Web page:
“My father said, ‘We’re going to the races today,’ and I was 15 years old,” he recalled in a phone interview. “He said, ‘Make sure you dress well, wear a sports coat. This is a special sport, and you need to respect it.’ He let me drive – I didn’t have my learner’s permit yet, but back in Nebraska, that’s OK. We weren’t in the clubhouse; we were down on the apron with the railbirds, and we were one of them. We had our sports coats on. The thing that impressed me the most were the athletes, the horses, when they would come out in the post parade. I was fascinated with these animals. How fit they were. How beautiful they were.

 

“Back in those days, Fonner Park would draw 5,000 people and that was a full house. I’ve never seen people have more fun at an event. I thought, ‘Gosh, this is something I’d like to be involved with my entire life.’”

 

It was quite a few years before Bahde could afford to become a horse owner. Around 1980, he bought half of his dad’s one-seventh interest in a young horse purchased for $18,000.

 

Bahde said he was a middle manager for a Fortune 500 corporation. “Then I bought a beer wholesaler, and I ran that for many years,” he said. “Somebody stopped by one day and told me he wanted it worse than I did. I sold it. Quite honestly, it’s still a fixed-income situation. I’m retired so I have to make a lot of right decisions. I’ve got to have horses that win to be able to continue on in this business.”

 

Morse, who had watched the filly train, recommended claiming Taxed for the $50,000 price tag in her third career start. She won that day.

 

Once Morse got her in the barn, Bahde said, “Randy kept telling me, ‘This filly doesn’t train like normal fillies.’ He said, ‘There’s just something special about her.’ He loved her from the day we put a halter on her. The dialogue kept going like that until we decided we weren’t going to start her in an allowance race, we were going to start her in a stakes race. It was that New Year’s Eve stakes at Oaklawn Park, and she ran a respectable fourth. Which told us maybe we were on the right track.”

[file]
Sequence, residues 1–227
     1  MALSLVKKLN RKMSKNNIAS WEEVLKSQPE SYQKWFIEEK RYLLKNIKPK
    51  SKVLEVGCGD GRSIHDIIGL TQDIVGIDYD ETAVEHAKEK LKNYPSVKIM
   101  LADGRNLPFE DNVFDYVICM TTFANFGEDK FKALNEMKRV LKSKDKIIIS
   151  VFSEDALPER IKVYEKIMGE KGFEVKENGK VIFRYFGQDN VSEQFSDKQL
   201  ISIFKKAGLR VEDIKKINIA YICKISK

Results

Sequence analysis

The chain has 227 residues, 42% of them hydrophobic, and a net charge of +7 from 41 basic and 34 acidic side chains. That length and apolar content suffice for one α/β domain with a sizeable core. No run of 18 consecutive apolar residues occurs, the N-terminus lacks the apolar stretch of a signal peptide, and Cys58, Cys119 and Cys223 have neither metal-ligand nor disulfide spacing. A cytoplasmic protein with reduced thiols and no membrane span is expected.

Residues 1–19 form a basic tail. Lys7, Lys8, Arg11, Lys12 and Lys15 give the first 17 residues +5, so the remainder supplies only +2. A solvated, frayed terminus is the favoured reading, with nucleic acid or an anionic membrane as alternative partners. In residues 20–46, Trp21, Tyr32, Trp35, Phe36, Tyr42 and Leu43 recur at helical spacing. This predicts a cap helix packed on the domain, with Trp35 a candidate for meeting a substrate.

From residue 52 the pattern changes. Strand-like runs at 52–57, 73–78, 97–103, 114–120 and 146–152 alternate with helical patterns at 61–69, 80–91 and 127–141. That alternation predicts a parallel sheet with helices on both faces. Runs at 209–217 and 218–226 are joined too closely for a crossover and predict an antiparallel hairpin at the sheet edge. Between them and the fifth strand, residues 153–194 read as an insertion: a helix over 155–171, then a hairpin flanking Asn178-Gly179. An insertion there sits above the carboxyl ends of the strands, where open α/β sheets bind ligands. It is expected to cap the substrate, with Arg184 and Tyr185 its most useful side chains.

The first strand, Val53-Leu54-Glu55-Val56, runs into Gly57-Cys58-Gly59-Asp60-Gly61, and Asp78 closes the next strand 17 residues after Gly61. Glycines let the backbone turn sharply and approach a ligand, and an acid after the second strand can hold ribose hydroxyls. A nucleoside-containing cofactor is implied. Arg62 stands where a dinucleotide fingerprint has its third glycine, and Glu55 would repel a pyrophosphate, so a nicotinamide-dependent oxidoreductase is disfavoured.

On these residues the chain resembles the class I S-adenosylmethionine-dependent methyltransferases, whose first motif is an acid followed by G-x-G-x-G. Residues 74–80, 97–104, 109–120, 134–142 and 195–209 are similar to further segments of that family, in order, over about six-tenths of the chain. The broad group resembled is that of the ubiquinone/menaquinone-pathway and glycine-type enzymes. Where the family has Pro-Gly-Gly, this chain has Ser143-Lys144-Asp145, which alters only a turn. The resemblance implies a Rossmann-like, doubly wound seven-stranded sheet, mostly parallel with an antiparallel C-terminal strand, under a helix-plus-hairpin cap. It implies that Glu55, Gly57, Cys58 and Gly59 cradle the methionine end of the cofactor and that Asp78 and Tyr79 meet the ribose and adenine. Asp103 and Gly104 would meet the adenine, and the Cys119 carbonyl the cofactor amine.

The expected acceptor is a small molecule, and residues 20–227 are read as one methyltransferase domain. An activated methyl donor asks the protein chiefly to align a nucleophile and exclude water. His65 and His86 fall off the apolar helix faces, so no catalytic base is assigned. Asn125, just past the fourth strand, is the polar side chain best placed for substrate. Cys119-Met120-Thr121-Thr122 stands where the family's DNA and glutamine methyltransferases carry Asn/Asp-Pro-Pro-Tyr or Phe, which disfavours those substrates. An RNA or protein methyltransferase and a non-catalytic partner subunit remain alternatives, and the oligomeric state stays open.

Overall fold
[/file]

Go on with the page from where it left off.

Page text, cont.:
Bahde calls it “a privilege” to run in the Indiana Oaks. 

 

“I’m thrilled to death,” he said. “She’s young and she’s smart and she’s very talented. I think she has a very bright future. Randy has done everything right, and I have no doubt he’ll continue to make very good decisions with her.”

 

Indiana Derby Day, the state’s biggest day of horse racing, will be complemented by numerous activities, including a Virtual Reality Jockey Station, cigar rolling station to the first 500, $600 Indiana Derby Hat Contest, $2,500 Indiana Derby Legends Handicapping Contest, and a drawing for one $3,000 Megabet across the board on the Indiana Derby. A total of eight premier races are on the program featuring purses in excess of $1.1 million.

 

Doors open at 10:30 a.m. with ample seating both indoors and outside on a first come first serve basis. Free parking and free general admission offered to guests of all ages on the racing side. Reservations are still available in the Clubhouse by contacting Beth Litteral at (317) 421-8801. For more information, visit the website at www.caesars.com/horseshoe-indianapolis/racing-promotions or follow the track on Twitter @HSIndyRacing.

 

The 21st season of live Thoroughbred and Quarter Horse racing extends through Friday, Nov. 17. Live racing is held Tuesday through Thursday with Saturday racing added in during the summer months. First post Tuesday and Wednesday is 2:30 p.m. Thursday racing begins at 2:10 p.m. The Summer Saturday Racing Series includes five all-Quarter Horse dates July 1, July 22, Aug. 12, Sept. 2, and Oct. 7 beginning at 10:45 a.m. Indiana’s featured event, the Grade 3 $300,000 Indiana Derby is set for 12 p.m. Saturday, July 8. For more information on live racing at Horseshoe Indianapolis, visit www.caesars.com/horseshoe-indianapolis.